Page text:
1. ITV Report

Worcestershire’s ‘Hannibal’ heads south.

His punditry is just like his batting: calm, considered and elegant. He also has a great sense of humour. Photo: ITV Central

So, after 20 years and nearly 27,000 runs Worcestershire’s Vikram Solanki is to leave the club at the end of the season to start a new chapter at Surrey.

It’s a big blow to a club who, by their own admission, are strapped for cash and to lose such a stalwart to one of ‘them there London clubs’ now speaks volumes about their current position.

Out of contract at New Road at the end of the season, Solanki approached the club several weeks ago to discuss his future.

He was told they weren’t in a position to offer him a new contract, at least until their financial position became clearer. Understandably at 36, Solanki wasn’t prepared to wait.

Solanki made his debut for Worcestershire aged 16 and quickly became identifiable by his graceful and wristy batting style – a product perhaps of his Indian heritage?

He was born in Rajasthan and brought up in Wolverhampton. He captained Worcestershire for five years and made over fifty one-day appearances for England.

I’ve had the opportunity to interview Vikram numerous times and spent several days locked in a tv studio with him when we worked on the 2009 Indian Premier League together.

His punditry is just like his batting: calm, considered and elegant. He also has a great sense of humour.

In 2007, in an attempt to spice up a fairly pedestrian sounding T20 launch at New Road, I asked the then Worcestershire captain if he’d be up for having some fun with it.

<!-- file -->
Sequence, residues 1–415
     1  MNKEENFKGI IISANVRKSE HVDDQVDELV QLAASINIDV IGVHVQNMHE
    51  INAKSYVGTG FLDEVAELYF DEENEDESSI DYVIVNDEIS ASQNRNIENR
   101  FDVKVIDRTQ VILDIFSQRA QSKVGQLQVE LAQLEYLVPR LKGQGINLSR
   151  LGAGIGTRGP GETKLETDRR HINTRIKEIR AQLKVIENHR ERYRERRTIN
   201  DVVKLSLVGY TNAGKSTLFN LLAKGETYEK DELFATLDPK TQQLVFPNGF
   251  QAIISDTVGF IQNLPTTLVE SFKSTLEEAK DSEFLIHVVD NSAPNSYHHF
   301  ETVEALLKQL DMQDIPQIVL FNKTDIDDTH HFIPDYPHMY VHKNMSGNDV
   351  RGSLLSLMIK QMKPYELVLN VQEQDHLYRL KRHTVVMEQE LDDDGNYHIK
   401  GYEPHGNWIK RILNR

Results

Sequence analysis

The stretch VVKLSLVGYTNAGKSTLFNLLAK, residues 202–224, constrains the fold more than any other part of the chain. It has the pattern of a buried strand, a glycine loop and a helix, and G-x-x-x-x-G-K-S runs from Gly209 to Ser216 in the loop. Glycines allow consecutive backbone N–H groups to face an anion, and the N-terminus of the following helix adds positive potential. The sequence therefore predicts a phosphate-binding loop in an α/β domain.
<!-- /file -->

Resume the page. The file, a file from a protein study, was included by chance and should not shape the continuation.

We duly turned the piece into a parody of 80’s tv show, ‘The A-Team’ complete with players doing forward rolls while using their bats as pretend machine guns.

Not the most subtle two minutes of television I’ve ever produced, but the players were happy to get into the spirit of it with Vikram content to film repeated takes sliding down a bannister for the mock opening credits.

With Gareth Batty supping champagne as ‘Faceman’ and Lou Vincent fittingly casted as ‘Howlin’ Mad Murdoch’, there was only one role for Vikram – ‘Hannibal Smith’, the charismatic leader of the group.

So, a real shame for the club, the fans and Vikram that he wasn’t able to see out his career at New Road, but Worcestershire’s loss is undoubtedly Surrey’s gain.

They’re getting a batsman of true class with proven leadership credentials.

More importantly, they’re getting a top pro and a thoroughly nice bloke. Good luck ‘Hannibal’. Here’s hoping the plan comes together.

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